New Michigan law protects employees’ Internet privacy rights

For many people, social media and email are vital ways of gathering new information and connecting with friends and family. For good reason, most workers want to keep their online activities private from their employers. Just as they wouldn't want their bosses showing up unannounced to happy hour or reading a letter from their mother, they don't want their employers to have unfettered access to their Facebook, Twitter or email accounts, either.

Some employers, on the other hand, like to keep track of their employees' online activities. They hope that by monitoring their employees' online activities, they can control what their employees say and do online, thereby protecting the business's image.

Michigan employees have balked at this kind of intrusion into online privacy. In response, state lawmakers enacted a law prohibiting employers in Michigan from requiring employees or job applicants to share access to their personal Internet accounts as a condition of employment. Employers who violate this law can be charged with a misdemeanor. In addition, employers who take retaliatory action against employees who refuse to grant access to their Internet account can be held liable in wrongful termination lawsuits or other employment law actions.

Not all access prohibited

The law does not give employees complete social media freedom, however. The law enumerates a number of situations in which employees are required to share information. For example, employers are allowed to access communications devices that they pay for. In addition, employers can also access Internet accounts that are used to further business purposes or that were obtained as part of the employment relationship.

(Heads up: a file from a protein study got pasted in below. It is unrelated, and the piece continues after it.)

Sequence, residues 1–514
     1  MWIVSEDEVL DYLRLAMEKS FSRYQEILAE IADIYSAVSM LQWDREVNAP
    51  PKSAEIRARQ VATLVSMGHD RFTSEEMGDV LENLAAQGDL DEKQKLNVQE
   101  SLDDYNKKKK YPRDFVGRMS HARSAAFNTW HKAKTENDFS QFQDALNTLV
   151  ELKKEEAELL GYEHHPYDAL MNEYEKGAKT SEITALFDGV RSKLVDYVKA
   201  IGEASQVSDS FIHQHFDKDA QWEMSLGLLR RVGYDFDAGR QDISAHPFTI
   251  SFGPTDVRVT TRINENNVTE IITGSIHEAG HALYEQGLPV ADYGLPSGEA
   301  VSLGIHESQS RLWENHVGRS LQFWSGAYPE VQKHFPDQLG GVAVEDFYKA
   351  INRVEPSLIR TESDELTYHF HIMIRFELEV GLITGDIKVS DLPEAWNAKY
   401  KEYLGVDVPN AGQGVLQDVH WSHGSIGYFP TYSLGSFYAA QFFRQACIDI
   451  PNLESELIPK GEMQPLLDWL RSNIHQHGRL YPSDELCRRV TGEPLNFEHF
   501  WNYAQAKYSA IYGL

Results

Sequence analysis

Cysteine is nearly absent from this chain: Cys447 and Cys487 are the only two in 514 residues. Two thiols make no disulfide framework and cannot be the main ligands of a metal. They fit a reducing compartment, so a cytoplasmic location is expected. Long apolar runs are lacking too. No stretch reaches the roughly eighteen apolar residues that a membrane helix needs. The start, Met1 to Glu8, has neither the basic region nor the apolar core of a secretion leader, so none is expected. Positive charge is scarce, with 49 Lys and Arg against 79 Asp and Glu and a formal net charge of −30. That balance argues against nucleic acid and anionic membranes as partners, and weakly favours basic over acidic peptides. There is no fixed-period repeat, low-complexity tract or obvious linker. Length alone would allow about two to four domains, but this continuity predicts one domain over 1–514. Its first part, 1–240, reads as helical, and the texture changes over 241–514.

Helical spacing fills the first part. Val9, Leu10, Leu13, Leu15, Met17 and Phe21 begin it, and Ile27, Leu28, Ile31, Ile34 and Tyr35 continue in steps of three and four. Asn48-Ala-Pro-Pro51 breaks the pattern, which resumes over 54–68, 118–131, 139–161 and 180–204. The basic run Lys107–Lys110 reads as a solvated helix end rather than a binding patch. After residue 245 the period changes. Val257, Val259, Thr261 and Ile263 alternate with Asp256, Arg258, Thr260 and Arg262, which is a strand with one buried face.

Furthermore, in some circumstances, employers are allowed to access Internet accounts during the course of disciplinary proceedings. Employers are allowed to check employees' accounts to see if they have violated laws or misconduct rules. Employers are also allowed to access employees' accounts when there is reason to believe that an unauthorized transfer of confidential or propriety information has been made.

Employers are also allowed to review or access data that pass through the employer's network or that are stored on a device that the employer has paid for.

Working with an employment law attorney

Michigan employees who are asked to share personal online information would be wise to consult with an experienced employment law attorney before turning anything over to their employers.

Similarly, employees who are terminated as a result of their online activities should talk with an employment law lawyer who can determine whether their rights have been violated. If so, there may be legal recourse to hold the employer accountable.